from The American Heritage® Dictionary of the English Language, 5th Edition.
- adjective Resembling or characteristic of a boor; rude and clumsy in behavior.
from The Century Dictionary.
- Resembling a boor; clownish; rustic; awkward in manners; illiterate.
- Pertaining to or fit for a boor.
- Synonyms Boorish, Churlish, Clownish, Loutish. He who is boorish is so low-bred in habits and ways as to be positively offensive. He who is churlish offends by his language and manners, they being such as would naturally be found in one who is coarse and selfish, and therefore generally insolent or crusty and rough; the opposite of
kindand courteous: as, it is churlish to refuse to answer a civil question. The opposite of boorishis refined or polite; the opposite of clownishis elegant. Clownish is a somewhat weaker word than boorish, implying less that is disgusting in manner and speech; it often notes mere lack of refinement. The difference between clownish and loutish is that he who is clownish is generally stupid and sometimes ludicrous, while he who is loutish is perhaps slovenly and worthy of blame.
from the GNU version of the Collaborative International Dictionary of English.
- adjective Like a boor; clownish; uncultured; unmannerly.
from Wiktionary, Creative Commons Attribution/Share-Alike License.
- adjective Behaving as a
boor; rough in manners; rude; uncultured.
from WordNet 3.0 Copyright 2006 by Princeton University. All rights reserved.
- adjective ill-mannered and coarse and contemptible in behavior or appearance
from Wiktionary, Creative Commons Attribution/Share-Alike License
FDR was branded as a sick demented dictator, Truman was called a boorish drunk, Kennedy was a spineless commie dupe.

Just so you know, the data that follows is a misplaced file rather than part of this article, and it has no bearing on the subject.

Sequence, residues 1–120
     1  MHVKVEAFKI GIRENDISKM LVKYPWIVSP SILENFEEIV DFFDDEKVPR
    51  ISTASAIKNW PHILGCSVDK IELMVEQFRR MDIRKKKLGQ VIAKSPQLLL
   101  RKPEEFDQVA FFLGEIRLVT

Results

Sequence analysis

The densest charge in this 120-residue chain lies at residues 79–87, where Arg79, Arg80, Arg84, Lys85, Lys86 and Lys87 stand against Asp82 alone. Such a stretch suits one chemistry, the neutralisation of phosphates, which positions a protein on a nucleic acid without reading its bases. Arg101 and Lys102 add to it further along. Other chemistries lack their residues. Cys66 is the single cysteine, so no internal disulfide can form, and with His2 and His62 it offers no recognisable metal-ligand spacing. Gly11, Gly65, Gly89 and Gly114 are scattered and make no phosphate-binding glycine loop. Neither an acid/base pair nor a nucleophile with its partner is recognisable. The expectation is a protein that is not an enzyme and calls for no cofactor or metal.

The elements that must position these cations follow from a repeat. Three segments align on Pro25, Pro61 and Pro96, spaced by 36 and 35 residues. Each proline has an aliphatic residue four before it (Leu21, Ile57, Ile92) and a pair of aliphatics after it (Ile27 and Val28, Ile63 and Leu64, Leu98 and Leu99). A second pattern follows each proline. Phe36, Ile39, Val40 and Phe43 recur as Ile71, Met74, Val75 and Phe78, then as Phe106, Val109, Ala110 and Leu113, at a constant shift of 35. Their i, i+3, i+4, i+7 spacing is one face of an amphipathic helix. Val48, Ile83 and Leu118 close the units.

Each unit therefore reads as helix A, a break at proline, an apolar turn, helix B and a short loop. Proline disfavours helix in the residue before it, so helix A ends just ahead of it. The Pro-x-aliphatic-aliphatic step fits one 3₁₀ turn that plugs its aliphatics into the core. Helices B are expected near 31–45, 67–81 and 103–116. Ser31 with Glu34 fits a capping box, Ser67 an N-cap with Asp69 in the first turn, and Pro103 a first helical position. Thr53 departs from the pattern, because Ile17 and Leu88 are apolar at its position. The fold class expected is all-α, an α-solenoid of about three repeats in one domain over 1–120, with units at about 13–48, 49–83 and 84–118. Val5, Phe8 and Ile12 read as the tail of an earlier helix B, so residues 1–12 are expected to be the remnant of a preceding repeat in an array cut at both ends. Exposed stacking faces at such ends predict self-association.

Mountains of northern Spain leave their poor country for a time for the richer provinces of Portugal and Spain, where they become porters, water-carriers and scavengers, and are known as boorish, but industrious and honest.
Influences of Geographic Environment On the Basis of Ratzel's System of Anthropo-Geography Ellen Churchill Semple 1897
If Americans acted this way, we'd be called boorish or jingoistic.
The News Tribune - Tacoma - - HOMEPAGE firstname.lastname@example.org (PETER CALLAGHAN; STAF 2010
Philadelphia fans are known as boorish and hate-filled, frequently vilified by columnists too lazy to come up with something other than an incident when fans threw snowballs at Santa.
Philadelphia Will Do 2008
What kind of boorish, tastless clods subscribe to this blog anyway???
In fact, the Talmud describes the Zealots as biryonim, meaning "boorish" or "wild", and are condemned for their aggression, their unwillingness to compromise to save the survivors of besieged Jerusalem, and their blind-militarism.
I mean, is it this cartoonish that -- that he could just come out and forget about the merits of the argument one way or the other and just attack the messenger in this kind of boorish a way?
If this is the best you have, then vote for the 'boorish' McCain, you ignorant slouch.
Over the next seven decades, as pro sports increasingly became the city's remaining portal into the nation's consciousness, you could add the epithet "boorish" to "boring" -- there were snowballs at Santa Claus (sort of) and catcalls for just about anyone.
This kind of boorish behaviour will only attract investigative efforts.